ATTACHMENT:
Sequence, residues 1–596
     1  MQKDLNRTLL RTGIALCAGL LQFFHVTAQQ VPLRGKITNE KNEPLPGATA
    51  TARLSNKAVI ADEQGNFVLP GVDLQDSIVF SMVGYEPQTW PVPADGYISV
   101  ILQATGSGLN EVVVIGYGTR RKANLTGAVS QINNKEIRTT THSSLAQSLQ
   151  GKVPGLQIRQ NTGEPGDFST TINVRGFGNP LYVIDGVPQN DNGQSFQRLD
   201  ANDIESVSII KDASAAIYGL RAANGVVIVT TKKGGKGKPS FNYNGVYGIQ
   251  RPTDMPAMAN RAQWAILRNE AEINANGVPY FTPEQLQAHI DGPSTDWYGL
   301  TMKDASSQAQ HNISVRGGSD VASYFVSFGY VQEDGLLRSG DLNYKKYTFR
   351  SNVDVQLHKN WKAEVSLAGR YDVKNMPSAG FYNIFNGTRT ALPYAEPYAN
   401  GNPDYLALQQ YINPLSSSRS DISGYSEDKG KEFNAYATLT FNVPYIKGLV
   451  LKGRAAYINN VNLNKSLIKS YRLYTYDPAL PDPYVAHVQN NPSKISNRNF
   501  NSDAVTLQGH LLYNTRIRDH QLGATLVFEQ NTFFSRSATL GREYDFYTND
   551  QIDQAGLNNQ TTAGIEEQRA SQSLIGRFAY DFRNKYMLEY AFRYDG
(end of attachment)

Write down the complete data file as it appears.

Sequence, residues 1–596
     1  MQKDLNRTLL RTGIALCAGL LQFFHVTAQQ VPLRGKITNE KNEPLPGATA
    51  TARLSNKAVI ADEQGNFVLP GVDLQDSIVF SMVGYEPQTW PVPADGYISV
   101  ILQATGSGLN EVVVIGYGTR RKANLTGAVS QINNKEIRTT THSSLAQSLQ
   151  GKVPGLQIRQ NTGEPGDFST TINVRGFGNP LYVIDGVPQN DNGQSFQRLD
   201  ANDIESVSII KDASAAIYGL RAANGVVIVT TKKGGKGKPS FNYNGVYGIQ
   251  RPTDMPAMAN RAQWAILRNE AEINANGVPY FTPEQLQAHI DGPSTDWYGL
   301  TMKDASSQAQ HNISVRGGSD VASYFVSFGY VQEDGLLRSG DLNYKKYTFR
   351  SNVDVQLHKN WKAEVSLAGR YDVKNMPSAG FYNIFNGTRT ALPYAEPYAN
   401  GNPDYLALQQ YINPLSSSRS DISGYSEDKG KEFNAYATLT FNVPYIKGLV
   451  LKGRAAYINN VNLNKSLIKS YRLYTYDPAL PDPYVAHVQN NPSKISNRNF
   501  NSDAVTLQGH LLYNTRIRDH QLGATLVFEQ NTFFSRSATL GREYDFYTND
   551  QIDQAGLNNQ TTAGIEEQRA SQSLIGRFAY DFRNKYMLEY AFRYDG